Thursday, December 3, 2020

Living in the Back Road of Life

From ancient times the road in front of a village was called the main-road, the road between the houses the alley, the road behind the village that received little sun, and when the snow came you would see the piles of snow on the edge of the road was the back road.

A priest scholar in the psychology of the spiritual life expresses his opinion that life is for may similar to these three roads. In the springtime of life, this majestic main way is wide open to the future. However, in middle age after the many trials of life and failures, one begins to walk solitary the alleys. In old age, it's the back road looking back on the life lived.

In the fall of the year, nature gives us the harvest and asks us to prepare for the new year—our old age in the life cycle. A time when we try to put things in order and for Christians prepare for the afterlife. What feelings come to mind when we reflect on the life lived?

We have those walking the unknown alleys of life spotted with its sorrows and difficulties. He wonders how many of those looking back would opt to choose a different path if they had the chance.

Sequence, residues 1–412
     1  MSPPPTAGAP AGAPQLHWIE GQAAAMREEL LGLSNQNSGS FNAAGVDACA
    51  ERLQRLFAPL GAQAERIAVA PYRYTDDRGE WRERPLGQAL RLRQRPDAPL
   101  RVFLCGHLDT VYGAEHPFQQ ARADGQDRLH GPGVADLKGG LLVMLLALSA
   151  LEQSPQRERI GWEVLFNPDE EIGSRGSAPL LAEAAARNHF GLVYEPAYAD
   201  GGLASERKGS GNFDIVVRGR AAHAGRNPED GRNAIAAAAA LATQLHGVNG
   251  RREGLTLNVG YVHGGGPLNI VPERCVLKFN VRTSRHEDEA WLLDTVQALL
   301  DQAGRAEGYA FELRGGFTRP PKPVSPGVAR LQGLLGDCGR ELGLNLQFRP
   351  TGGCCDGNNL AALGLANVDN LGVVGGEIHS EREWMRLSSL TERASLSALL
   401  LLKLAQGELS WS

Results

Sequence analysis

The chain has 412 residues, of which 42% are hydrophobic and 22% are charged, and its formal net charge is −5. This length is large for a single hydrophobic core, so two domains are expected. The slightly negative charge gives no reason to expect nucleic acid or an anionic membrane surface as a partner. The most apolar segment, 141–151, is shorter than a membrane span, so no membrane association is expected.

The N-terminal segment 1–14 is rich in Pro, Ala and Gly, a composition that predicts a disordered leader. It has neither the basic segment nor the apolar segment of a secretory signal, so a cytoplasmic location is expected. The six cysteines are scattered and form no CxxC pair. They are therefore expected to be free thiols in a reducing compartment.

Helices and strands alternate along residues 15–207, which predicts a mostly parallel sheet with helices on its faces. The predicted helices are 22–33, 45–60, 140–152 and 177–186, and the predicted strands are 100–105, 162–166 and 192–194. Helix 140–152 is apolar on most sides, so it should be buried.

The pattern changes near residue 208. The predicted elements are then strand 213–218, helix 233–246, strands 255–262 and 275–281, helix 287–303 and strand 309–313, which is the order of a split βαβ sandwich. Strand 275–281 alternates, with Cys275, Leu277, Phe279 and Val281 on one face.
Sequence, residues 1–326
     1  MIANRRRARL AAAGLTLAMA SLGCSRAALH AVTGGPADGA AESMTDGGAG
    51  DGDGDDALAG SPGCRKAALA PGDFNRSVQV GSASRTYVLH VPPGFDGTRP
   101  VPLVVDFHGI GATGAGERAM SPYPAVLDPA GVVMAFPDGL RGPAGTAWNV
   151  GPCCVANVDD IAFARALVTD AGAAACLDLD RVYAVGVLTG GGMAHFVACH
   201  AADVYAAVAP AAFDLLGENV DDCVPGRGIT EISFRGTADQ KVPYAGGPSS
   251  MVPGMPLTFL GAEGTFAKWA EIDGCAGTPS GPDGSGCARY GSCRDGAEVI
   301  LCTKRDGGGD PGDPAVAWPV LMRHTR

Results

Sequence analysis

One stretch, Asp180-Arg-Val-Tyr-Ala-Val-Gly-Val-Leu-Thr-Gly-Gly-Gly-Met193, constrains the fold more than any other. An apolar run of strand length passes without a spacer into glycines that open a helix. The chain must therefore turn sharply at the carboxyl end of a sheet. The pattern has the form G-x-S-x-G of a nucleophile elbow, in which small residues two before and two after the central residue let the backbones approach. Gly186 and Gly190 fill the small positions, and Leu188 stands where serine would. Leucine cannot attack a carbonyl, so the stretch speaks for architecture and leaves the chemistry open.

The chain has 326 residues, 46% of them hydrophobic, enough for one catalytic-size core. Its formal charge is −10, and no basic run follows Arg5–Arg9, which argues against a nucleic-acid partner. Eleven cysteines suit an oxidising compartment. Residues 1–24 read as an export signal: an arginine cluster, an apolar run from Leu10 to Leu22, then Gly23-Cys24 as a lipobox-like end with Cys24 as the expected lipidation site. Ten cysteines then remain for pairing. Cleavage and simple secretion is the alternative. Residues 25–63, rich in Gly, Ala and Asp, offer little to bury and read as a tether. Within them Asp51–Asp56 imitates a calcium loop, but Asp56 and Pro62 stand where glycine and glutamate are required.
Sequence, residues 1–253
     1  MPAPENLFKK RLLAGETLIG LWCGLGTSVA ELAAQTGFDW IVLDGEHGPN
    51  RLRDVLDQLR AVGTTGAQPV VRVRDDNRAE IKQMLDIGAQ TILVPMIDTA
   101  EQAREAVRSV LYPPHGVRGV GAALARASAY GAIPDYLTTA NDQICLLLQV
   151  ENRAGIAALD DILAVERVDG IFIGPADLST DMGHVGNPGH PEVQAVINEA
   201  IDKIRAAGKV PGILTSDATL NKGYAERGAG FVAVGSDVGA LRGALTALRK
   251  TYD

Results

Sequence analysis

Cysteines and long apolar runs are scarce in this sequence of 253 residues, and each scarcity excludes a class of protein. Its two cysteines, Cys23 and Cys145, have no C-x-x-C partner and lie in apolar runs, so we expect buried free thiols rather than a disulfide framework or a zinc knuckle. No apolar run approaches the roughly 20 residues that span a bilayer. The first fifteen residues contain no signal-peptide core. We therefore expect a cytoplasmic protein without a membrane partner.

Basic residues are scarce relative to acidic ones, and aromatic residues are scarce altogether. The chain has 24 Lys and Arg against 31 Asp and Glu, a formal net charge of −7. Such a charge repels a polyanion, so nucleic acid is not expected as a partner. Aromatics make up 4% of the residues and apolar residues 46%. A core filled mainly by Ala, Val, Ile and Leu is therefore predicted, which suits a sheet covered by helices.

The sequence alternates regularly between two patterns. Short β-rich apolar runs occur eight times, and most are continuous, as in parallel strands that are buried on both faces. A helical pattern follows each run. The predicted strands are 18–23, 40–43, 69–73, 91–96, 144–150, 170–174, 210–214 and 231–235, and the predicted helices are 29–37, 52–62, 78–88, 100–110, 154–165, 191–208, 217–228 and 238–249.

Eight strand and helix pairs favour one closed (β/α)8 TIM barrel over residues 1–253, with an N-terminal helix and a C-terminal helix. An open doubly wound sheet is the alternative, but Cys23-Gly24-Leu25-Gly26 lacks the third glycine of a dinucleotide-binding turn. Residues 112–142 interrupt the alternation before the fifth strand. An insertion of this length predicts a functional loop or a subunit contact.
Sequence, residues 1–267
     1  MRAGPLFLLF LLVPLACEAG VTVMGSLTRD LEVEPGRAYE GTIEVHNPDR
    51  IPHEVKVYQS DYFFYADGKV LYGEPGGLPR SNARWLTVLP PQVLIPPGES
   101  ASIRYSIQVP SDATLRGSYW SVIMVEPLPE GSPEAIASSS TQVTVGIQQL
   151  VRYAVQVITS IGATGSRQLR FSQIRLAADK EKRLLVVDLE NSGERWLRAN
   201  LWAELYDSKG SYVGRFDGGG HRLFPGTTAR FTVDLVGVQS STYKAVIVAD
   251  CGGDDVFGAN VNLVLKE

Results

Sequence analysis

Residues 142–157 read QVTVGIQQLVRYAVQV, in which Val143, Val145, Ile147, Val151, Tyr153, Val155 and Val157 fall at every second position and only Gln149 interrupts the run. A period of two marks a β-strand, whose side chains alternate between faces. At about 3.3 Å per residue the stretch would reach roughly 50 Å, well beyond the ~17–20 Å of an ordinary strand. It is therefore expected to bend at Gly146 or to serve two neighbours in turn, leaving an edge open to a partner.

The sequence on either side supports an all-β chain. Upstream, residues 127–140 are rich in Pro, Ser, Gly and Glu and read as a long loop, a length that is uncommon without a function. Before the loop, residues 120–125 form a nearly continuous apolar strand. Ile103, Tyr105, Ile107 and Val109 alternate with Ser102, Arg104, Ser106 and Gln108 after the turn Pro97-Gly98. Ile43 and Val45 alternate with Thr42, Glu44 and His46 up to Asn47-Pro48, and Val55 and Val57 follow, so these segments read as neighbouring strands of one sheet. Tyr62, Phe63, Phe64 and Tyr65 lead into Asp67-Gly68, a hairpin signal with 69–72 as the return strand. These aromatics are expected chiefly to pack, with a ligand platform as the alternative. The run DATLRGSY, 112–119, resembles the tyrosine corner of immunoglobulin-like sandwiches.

A study was made of those facing death in old age and asked if they had a chance to live life over again what would they choose to do. They were a varied group: many successful in wealth, prestige, honors, and those who considered themselves failures. It didn't matter in the answers that were given.

He lists in the order of those with the greatest number of responses. The first was living their life as they thought it should have been lived. Second, a desire to live in harmony with everybody. Thirdly wanting to share. In the first place was not living to please others but happiness required they live the life they wanted—obvious but often forgotten.

Also with those, we are in a loving relationship often it is a love/hate relationship. Looking back many are sorry for the scars inflicted when in many cases it was not of great importance. Because of the conflict separation often follows.

When death approaches it is said we are the most truthful and genuine. If we could live every moment of life as if it was our last moment our relationships would be much more tender.

Our need to share comes to the fore. We came into the world without anything and we will leave without anything. Words that come from the wisdom of the world, and yet easy to forget. Often the material closes our eyes to sharing and loving relationships, losing the meaning of life.

Listening to the words of those who have left this life what are the values of those of us who are still living? We need to ask ourselves and give an answer.

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